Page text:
Back in the late 80’s (and half a dozen years before the late John Madden introduced this great entrée to the country during a New Orleans Saints game one Thanksgiving) I tasted my first turducken. Attending Navy training and finding myself away from friends and family for the holiday, I wandered into the Pensacola Officer’s club to order my Thanksgiving meal. The waitress explained some of the regional offerings on the menu. When I saw the name and description for the turducken, my mouth immediately started to salivate! And thus, began a long-standing love for a wonderful roast.
What was once considered a unique and somewhat weird Thanksgiving main dish has now reached well beyond the confines of southern kitchens and can be found at many of our local grocers during the holiday season. Pronounced tur-duhk-uhn, this poultry triple-threat is a deboned chicken stuffed inside a deboned duck stuffed inside a mostly deboned turkey (its wings and legs are left intact). There is usually stuffing inside the chicken and between each bird. It is the ultimate poultry dish and, for obvious reasons, has become a popular Thanksgiving dinner. Depending on the region, the stuffing may be made with bread or cornbread and seasoned with sausage or even crawdads!
While the origin of the modern-day turducken is up for debate, it is most often associated with New Orleans and Cajun cuisine. The late Cajun chef Paul Prudhomme claimed to have invented the turducken in the 1970s. He became synonymous with the dish—and even trademarked the name in 1986 (Turducken™). While the origin of turducken might forever be shrouded in mystery, it is indeed part of a long history of “engastration,” the practice of stuffing and cooking one animal inside another.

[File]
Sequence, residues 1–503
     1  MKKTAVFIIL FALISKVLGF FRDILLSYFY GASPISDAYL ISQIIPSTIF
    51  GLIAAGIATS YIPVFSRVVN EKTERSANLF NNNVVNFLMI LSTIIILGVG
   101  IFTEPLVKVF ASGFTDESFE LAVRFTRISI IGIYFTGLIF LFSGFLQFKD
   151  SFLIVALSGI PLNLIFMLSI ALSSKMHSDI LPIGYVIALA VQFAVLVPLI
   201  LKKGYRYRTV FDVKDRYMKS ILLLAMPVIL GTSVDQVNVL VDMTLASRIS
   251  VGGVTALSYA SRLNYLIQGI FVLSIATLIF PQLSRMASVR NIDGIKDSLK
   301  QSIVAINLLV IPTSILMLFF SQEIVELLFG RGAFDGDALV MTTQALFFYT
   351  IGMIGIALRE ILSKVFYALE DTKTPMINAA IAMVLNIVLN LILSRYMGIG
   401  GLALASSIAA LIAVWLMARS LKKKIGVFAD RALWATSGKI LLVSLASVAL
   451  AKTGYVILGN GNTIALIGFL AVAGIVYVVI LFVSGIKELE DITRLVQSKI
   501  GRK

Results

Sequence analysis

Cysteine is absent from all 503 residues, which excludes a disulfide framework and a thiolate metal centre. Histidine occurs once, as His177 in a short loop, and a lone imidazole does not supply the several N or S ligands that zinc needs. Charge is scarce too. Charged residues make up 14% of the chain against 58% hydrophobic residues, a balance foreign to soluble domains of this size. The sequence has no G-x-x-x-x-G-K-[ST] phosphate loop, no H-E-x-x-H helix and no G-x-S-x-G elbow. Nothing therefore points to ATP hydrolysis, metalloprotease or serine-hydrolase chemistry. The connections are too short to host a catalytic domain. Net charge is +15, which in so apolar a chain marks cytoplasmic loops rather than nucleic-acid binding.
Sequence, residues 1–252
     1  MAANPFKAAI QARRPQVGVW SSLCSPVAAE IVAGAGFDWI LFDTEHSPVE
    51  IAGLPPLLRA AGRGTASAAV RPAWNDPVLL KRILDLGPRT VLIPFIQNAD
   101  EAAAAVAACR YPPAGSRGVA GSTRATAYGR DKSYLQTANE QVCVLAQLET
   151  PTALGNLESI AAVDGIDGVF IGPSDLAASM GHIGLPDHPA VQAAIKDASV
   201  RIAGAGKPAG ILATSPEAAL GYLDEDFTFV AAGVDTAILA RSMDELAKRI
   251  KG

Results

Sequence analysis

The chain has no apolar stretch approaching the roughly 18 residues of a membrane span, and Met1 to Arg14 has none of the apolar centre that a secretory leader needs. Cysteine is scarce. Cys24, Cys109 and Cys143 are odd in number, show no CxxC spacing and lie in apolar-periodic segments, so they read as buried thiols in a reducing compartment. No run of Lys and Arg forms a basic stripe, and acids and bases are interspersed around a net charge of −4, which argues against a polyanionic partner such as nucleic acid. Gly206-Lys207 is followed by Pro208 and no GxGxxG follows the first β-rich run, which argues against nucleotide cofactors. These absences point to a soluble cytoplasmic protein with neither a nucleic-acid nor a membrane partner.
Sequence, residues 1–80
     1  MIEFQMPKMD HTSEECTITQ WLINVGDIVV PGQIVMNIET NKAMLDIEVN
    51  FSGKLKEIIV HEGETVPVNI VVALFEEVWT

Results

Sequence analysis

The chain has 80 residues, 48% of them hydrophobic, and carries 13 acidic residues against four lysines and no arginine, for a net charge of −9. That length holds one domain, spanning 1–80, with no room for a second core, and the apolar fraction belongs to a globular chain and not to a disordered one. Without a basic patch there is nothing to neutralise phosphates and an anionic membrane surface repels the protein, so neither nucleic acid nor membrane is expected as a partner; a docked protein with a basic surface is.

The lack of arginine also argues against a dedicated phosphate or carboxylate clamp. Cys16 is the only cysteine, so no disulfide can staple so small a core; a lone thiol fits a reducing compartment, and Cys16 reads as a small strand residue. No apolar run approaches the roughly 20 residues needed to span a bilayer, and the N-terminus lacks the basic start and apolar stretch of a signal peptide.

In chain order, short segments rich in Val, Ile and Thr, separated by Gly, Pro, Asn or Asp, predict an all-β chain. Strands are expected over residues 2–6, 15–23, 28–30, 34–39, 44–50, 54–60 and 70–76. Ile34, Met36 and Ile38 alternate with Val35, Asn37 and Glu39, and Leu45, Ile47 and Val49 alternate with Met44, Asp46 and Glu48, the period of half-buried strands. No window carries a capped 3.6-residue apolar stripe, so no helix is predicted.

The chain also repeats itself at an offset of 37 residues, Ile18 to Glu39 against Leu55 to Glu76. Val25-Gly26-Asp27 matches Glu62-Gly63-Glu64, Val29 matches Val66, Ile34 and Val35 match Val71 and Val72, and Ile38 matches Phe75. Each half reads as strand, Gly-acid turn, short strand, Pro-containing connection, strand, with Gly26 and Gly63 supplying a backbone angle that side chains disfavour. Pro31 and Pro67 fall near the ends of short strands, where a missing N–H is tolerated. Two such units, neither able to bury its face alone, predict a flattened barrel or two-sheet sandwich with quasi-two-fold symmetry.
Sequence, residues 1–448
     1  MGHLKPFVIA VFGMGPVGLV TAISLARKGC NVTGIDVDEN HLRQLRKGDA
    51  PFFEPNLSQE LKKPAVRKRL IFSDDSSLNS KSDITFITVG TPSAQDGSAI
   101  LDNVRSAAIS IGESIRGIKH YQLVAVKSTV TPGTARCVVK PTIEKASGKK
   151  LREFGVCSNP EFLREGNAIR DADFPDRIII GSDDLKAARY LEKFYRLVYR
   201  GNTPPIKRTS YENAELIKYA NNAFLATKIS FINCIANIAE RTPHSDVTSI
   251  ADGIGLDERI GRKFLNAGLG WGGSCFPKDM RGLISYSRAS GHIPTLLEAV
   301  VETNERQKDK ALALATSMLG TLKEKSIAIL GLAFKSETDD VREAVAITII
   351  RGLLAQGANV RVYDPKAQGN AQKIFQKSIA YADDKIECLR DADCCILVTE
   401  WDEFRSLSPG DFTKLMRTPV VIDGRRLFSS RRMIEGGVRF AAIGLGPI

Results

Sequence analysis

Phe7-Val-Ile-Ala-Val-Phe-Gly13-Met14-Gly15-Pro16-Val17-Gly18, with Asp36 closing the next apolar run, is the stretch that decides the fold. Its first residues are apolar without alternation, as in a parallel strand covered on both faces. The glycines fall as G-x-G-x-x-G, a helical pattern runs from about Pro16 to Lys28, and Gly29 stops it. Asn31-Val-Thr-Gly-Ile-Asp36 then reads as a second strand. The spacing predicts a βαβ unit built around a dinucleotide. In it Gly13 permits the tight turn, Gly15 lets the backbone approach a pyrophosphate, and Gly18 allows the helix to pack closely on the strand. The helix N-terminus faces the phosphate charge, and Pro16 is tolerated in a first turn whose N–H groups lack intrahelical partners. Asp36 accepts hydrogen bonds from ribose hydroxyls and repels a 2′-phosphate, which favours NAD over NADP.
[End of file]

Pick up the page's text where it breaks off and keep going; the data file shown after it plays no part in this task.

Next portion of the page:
Cooking a turducken is not that different than roasting a turkey. Place it in a large roasting pan fitted with a rack, and it will cook for anywhere from 5 to 7 hours depending on its size. The general rule is to cook it about 20 to 25 minutes per pound in a 350° to 375°F oven until a meat thermometer inserted into the center registers 165°F. Because of all the meat, the turducken will take longer than a typical turkey. With most of the bones removed, a 15 to 16-pound turducken will feed more people than a 15 to 16-pound traditional roast turkey.
From the outside, turducken looks like a regular turkey. It’s easy to shape into its original form because the legs and wings are still attached. And carving is super easy since there are no bones to deal with! By serving a turducken, your holiday feast will be talked about for months to come, and the day-after pot pies, casseroles, or sandwiches (add cranberry sauce for zing) will be especially good this year!
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